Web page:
Therefore, it is crucial to understand the magnitude of the rejection, and if it is not worth it, you should let it go and move ahead in life.
- Unresolved Issues
Ending a relationship with mutual understanding is easy. But, if there are unresolved issues in a forgotten relationship, it can become hard to heal and deal with the situation.
Sometimes, the problem is so intense that it leads to mental illness followed by panic attacks.
The primary reason why people get trapped in the problem of overthinking is “isolation.”
When you meet with your family and friends, you feel better reconnecting with them. Being alone will make you think about the wrong person and the past.
How to Stop Thinking About Someone?
- Maintain Distance From That Person
You have to be clear with your thoughts and avoid things that mentally harm you.
You should stay inactive from social media platforms or unfollow the person whose presence makes you feel uncomfortable.
Try to stay around people whose vibe encourages or motivates you.
Always remember that you can’t fix every unpleasant aspect of your life. Therefore, try to get out of the box and accept the reality of the situation.
If acceptance becomes difficult, try meditating for a few minutes a day to forget all life’s unjust and humiliating experiences.
- Do Something You Love
Try doing a new activity or do something that you love. Also, you could do a self-care activity like getting a massage, facial, or getting your nails done.
You could also read a book, listen to some music, watch a movie or talk to a friend.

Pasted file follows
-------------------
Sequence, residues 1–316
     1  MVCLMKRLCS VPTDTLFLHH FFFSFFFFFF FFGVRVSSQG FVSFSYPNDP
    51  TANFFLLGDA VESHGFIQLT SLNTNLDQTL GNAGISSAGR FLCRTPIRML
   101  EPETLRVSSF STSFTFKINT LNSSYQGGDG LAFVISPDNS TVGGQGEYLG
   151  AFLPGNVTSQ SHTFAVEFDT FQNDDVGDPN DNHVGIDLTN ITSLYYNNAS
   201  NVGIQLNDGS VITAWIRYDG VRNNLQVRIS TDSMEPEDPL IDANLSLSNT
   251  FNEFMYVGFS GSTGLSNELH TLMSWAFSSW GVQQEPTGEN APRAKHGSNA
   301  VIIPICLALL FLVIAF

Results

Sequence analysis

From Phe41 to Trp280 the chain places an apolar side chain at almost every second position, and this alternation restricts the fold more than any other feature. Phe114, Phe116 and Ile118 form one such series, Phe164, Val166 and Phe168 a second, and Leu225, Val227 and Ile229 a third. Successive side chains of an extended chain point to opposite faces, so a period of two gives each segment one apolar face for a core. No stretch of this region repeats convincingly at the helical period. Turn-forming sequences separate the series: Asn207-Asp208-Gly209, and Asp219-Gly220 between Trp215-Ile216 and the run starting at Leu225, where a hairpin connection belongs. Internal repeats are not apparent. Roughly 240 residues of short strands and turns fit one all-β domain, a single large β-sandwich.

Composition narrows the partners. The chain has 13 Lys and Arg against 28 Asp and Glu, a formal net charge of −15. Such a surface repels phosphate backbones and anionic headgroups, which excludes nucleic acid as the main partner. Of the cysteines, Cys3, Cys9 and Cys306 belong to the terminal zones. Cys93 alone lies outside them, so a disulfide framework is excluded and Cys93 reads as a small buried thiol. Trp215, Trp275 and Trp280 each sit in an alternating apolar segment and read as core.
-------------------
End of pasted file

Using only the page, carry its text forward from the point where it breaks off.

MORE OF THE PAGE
This will allow you to clear your mind of distractions and unpleasant thoughts.
- Self Discovery
Self-exploration is the best way of distracting the mind and focussing on your interest. Practicing this will allow you to look at like more positively which makes it become more meaningful.
Gradually, you will figure out your mission and vision in life to meet your future needs.
When to Visit a Therapist?
Prolonged sadness and low mood, social withdrawal, bad sleeping and eating schedules are the signs of severe mental illness.
If the above strategies cannot help you out, you should not hesitate to talk to a therapist. During the counseling sessions, you will learn mental health coping strategies. Also, it includes some life skills for breaking the negative cycles.
With therapy, you can learn productive ways to challenge the unwanted thoughts that break your mind. In simpler words, it can teach you the technique of turning negative thoughts into positive ones.
Professional support can help you clear your mind by offering one-to-one guidance and support.
We hope you have understood the reason why you keep thinking about someone to the point of losing your mind.
Remember, the mind can be tricky and needs liveliness and relaxation to work effectively.
Now, you have learned about the problems and remedies for coping with the issues of overthinking. By this, you can help the people who are not recovering from their obsessive thoughts.
Also, you can guide them by reaching out to an expert professional to learn coping skills and strategies.